This last point, the use of ‘irony’ as a catch-all excuse for Nazi rhetoric and imagery, highlights a fundamental weakness of the Kursk Strategy: its assumption that Rightists can win the metapolitical power of the Left through a blind, indiscriminate, cargo-cult imitation of Leftist ways. This clearly fails to distinguish vices of power from means of attaining power. It is like the behaviour of a village idiot who spends all his savings on banquets, neglects his work to go hunting, and struts around ordering people about in the belief that he can thereby become a King.
Since the rise of the Millennial generation, and the total self-castration of the cuckservative non-opposition, the Left has comfortably indulged a fashion for “embracing negative stereotypes ironically”. Notable results so far include ‘I Bathe In Male Tears’, ‘Die Cis Scum’, and sketches gloating over the prospect of oppressing future white minorities in the West. Although these are, most likely, real expressions of hatred dressed up in a limp justification, the FakeNews™ media churns out excuses for them with the regularity of bowel movements.
So why can’t the Right do the same thing? Because we are not in power, of course! We cannot afford to reopen doors, which we have strived for years to close, to warped and depraved elements on our own side; and we can still less afford to give a pass to sane and reasonable people who feign genocidal hatred as part of a ludicrous “strategy”. It seems that even the Left, with the brainwashing apparatus of the media on its side, can ill afford the “irony” of its spoiled SJW members, as it is rapidly losing its moral hegemony and facing a popular backlash in the West.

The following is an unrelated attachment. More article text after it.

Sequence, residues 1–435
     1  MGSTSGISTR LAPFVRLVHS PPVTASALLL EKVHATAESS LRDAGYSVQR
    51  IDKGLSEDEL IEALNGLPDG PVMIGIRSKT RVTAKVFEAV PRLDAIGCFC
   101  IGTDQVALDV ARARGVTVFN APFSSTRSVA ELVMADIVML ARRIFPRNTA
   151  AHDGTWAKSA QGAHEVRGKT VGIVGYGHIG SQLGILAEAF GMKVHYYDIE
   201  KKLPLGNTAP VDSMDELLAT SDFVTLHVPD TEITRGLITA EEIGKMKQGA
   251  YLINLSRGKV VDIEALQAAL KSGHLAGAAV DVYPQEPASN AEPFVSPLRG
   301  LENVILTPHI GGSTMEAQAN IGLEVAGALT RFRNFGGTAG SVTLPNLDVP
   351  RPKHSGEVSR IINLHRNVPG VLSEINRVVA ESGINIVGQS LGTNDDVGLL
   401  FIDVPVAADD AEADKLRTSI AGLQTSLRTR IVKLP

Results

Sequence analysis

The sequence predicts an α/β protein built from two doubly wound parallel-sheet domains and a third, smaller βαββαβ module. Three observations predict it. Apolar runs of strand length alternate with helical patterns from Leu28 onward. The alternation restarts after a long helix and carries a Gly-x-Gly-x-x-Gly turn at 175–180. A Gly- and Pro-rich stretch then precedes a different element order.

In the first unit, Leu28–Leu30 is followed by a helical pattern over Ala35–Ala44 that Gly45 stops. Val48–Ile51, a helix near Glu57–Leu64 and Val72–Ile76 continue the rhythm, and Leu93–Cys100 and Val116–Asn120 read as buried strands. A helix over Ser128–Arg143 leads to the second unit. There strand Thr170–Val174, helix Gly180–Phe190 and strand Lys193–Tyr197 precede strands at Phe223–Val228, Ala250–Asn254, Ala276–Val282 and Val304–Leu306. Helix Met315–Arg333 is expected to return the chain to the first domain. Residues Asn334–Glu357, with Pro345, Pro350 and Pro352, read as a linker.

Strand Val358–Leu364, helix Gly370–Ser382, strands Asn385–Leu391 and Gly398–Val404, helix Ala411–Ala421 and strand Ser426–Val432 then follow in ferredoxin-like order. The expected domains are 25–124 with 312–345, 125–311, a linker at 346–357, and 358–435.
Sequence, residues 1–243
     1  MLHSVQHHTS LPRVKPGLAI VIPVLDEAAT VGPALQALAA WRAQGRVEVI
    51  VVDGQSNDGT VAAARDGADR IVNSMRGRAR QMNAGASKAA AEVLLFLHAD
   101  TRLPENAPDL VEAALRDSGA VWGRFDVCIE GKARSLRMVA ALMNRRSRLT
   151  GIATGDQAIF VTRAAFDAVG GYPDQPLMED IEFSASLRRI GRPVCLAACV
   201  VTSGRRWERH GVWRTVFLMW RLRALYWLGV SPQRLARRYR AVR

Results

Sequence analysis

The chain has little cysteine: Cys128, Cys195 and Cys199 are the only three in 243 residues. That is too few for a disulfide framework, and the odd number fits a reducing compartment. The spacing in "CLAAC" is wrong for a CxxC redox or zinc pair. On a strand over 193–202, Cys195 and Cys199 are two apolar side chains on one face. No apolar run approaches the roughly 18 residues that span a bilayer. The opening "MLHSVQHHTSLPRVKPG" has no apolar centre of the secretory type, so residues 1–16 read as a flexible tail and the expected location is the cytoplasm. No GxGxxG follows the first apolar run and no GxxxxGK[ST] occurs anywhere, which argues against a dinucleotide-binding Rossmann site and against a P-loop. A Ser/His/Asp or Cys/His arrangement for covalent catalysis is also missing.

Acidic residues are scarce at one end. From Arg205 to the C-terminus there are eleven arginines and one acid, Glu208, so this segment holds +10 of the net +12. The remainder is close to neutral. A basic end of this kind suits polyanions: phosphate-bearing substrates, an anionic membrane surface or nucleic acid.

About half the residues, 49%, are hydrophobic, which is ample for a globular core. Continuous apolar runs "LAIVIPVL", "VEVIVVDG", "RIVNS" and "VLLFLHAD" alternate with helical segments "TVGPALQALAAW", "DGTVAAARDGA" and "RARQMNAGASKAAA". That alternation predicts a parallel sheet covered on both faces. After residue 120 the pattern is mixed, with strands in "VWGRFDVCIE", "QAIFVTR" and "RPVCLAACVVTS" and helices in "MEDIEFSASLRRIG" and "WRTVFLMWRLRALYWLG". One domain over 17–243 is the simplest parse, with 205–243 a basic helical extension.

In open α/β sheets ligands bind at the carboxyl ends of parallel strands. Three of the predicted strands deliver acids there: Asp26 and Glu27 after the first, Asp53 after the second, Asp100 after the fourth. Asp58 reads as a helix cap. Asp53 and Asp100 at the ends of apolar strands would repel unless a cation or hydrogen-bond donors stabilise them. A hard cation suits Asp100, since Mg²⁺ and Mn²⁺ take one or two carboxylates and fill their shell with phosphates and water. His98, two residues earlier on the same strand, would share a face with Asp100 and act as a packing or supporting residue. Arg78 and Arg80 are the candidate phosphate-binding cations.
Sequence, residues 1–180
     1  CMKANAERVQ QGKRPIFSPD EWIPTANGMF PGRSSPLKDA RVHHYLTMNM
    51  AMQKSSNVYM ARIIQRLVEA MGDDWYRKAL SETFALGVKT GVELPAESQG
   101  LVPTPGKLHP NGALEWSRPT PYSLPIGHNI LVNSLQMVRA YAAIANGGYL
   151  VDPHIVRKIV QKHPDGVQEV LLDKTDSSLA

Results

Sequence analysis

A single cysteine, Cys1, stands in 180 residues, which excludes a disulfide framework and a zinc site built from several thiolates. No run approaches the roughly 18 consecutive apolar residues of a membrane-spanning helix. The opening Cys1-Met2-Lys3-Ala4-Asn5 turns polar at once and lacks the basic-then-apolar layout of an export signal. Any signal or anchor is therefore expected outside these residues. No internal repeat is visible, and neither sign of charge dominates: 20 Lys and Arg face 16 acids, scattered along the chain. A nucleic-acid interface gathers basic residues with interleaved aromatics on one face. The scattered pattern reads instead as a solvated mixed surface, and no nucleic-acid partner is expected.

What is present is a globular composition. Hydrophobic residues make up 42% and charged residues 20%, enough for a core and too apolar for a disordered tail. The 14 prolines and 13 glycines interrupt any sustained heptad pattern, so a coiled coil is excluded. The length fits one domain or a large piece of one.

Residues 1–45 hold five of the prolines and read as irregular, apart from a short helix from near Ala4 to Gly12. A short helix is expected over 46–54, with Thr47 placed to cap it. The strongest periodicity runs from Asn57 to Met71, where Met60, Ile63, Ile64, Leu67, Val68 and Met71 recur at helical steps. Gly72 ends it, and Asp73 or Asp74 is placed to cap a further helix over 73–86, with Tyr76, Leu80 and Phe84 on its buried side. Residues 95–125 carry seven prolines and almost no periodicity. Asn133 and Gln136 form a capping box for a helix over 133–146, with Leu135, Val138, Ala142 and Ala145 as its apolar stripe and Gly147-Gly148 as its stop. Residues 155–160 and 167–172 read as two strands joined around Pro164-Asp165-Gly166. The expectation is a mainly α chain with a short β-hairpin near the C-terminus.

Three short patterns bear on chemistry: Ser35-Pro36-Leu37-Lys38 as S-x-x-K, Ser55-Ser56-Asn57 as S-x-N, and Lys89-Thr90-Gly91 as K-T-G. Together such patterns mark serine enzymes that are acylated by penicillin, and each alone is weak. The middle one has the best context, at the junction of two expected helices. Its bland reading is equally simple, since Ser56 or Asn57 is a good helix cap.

Myth #3: The use of Nazi imagery and rhetoric desensitises the public and pushes the Overton Window to the Right.
The serious mistake made here is, once again, cargo-cult imitation of the Left. The fact is that the Overton window does not move equally for all men, for its movement largely depends on whether or not the media deigns to make a distinction between extremists and moderates.
One group who cannot move the window are people who sexually molest the underaged. In popular parlance, the term “paedophile” encompasses paedophilia (attraction to children) and ephebophilia (attraction to adolescents below the legal age of consent), a distinction that can be identified with “extremism” versus “moderation”. If the movement of the Overton window was some sort of natural law, we might expect constant media exposure of the horrors of paedophilia to make ephebophiles look respectable in comparison. But because the media, bowing to public disgust, does not deign to make a distinction between the two, what actually happens is that people use paedophilia as a reference point to condemn similar sexual misdeeds in the same way.